Note: This post is a personal reflection with more questions than answers. In no way is this post meant to be used as a way to to argue for lowering expectations for kids when it comes to increasing reading quantity. The research shows us again and again that access to great books and the time to read them in both supported and unsupported ways is what creates reading success. Both of these are also privileges and not something that all kids, still, despite the numerous years of research have access to as Donalyn Miller reminded me of. What this post is meant to highlight and discuss is when we teach kids who have access to books and set incredibly high goals that then destroy their reading experience. That change their reading experience into one that chases only books as a point, a notch, or a number, rather than helps support their development as readers who experience books.
Today our students did a midyear reading goal reflection, a quick check to see whether or not their reading goal for the year should change. A quick check for them to take the pulse of their own reading life. It is always interesting to listen in as kids discover that they are either reading a lot more than they thought or need to step it up a bit to make their challenge goal of reading at least 25 books in 7th grade. For some 25 books is not a big deal, for others it is a mountain that they are steadily climbing, slowly putting one foot in front of the other as they find yet another book to hook them to a readerly life. They know there is no punishment for not meeting their goal. They know it is meant as a motivator for them to increase their reading. It has taken several years and different iterations for us to reach a reading challenge that seems to be successful for nearly all. And today, was a day to check in on that challenge.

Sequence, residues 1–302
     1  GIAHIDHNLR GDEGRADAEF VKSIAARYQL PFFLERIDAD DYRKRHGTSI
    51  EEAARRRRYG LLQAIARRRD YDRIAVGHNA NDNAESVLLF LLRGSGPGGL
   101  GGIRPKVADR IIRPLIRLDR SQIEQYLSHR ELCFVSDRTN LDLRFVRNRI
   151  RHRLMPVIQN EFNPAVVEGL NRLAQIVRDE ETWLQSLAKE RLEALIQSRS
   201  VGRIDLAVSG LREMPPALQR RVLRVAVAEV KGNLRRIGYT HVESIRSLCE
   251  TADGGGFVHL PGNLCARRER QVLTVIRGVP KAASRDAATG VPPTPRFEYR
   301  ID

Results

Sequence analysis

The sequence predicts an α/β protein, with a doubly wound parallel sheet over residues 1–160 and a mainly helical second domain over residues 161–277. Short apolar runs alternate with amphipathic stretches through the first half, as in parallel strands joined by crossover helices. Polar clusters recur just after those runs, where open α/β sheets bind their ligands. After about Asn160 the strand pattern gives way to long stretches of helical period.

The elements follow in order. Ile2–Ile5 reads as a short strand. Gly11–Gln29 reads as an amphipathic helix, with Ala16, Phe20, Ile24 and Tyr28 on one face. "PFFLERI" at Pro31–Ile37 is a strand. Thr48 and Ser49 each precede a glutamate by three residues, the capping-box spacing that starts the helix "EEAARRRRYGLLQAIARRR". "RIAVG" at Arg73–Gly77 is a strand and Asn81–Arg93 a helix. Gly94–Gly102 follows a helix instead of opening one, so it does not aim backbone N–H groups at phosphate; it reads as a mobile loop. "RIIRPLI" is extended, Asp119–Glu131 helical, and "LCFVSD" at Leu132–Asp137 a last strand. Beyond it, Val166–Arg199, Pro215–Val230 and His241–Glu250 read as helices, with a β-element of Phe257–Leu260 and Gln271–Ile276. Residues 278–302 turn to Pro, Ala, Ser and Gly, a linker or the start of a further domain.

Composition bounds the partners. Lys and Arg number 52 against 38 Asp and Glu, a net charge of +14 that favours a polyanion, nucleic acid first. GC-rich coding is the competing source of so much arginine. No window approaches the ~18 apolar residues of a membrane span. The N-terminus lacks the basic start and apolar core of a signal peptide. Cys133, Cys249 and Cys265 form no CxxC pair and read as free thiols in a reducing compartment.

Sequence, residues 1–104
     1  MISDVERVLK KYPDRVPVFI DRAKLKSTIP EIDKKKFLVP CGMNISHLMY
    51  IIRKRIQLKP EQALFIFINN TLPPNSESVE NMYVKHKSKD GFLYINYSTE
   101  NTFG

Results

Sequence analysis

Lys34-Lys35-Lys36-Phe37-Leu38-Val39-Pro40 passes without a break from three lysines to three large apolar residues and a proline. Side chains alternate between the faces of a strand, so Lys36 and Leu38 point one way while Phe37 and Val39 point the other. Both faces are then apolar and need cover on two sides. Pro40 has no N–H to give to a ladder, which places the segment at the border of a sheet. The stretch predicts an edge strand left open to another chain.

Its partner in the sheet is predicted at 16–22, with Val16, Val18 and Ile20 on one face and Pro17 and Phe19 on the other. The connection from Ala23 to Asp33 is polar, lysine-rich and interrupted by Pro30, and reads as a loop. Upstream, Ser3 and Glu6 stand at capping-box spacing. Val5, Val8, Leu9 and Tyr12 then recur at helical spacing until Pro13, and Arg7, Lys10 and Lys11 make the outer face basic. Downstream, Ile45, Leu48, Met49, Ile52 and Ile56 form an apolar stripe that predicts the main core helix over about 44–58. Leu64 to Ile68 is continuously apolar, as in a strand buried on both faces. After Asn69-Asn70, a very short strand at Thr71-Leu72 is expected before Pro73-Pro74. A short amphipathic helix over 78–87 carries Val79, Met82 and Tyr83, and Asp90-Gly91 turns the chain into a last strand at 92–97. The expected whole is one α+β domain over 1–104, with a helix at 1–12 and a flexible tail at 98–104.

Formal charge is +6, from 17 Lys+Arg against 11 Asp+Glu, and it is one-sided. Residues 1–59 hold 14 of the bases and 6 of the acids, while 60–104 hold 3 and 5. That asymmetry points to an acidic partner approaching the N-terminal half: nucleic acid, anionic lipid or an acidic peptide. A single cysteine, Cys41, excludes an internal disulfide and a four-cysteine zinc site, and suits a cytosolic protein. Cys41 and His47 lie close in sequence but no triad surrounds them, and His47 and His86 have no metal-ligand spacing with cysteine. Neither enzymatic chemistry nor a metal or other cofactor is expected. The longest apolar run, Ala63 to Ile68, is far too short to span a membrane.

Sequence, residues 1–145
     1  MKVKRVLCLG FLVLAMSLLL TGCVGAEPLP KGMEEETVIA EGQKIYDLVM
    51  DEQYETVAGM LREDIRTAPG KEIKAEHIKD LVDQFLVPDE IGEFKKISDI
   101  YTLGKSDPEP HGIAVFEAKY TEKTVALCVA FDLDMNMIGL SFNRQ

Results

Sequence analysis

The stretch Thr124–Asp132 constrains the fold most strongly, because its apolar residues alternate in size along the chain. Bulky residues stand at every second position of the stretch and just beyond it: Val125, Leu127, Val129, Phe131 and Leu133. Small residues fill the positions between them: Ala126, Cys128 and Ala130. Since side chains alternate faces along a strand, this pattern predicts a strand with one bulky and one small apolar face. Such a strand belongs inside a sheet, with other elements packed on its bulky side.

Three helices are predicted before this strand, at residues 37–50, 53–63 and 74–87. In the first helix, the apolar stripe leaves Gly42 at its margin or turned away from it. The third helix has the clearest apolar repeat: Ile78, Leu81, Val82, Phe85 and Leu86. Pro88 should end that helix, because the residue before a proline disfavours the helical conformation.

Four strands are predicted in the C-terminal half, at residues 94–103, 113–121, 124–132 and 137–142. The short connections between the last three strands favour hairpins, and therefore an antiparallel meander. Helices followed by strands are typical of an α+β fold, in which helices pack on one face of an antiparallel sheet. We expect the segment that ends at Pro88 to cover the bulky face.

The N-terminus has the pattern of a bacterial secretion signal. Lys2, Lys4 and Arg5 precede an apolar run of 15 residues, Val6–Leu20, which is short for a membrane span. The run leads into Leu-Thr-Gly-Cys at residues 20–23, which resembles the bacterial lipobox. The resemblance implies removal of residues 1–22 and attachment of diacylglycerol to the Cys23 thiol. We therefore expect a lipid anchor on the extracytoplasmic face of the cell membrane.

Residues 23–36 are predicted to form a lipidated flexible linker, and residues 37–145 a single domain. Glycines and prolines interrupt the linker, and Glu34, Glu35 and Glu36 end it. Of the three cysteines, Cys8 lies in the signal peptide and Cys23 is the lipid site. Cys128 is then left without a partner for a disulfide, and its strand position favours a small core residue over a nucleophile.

As I meander by the students, a girl asks me how I am doing with my reading goal; 105 books? They like to check in now and then to see if I am staying on track, even if it is just to marvel at the goal itself. 105 books?! Who in the world can read that many books? She is trying to keep up with me but she is only at 30. I quickly tell her that one of the things I am also working on is slowing down when I read and yet the look she offers me tells me of her disbelief. After all, if my goal is to slow down then how come I am trying to read so many books?
Today, that look really hit me. I usually shrug it off, it is not the first time a student stares at me in disbelief, but today amidst the slowness of the day it gave me pause. Why is my goal so high? Why am I trying to read so many books? I don’t need to impress anyone. I am not in competition with anyone. Sure I love to recommend books but I am not the only one capable of doing so. What started as 80 books a year five years ago only keeps growing and to what end? Why the need for the high number, when 70 or even 50 would suffice?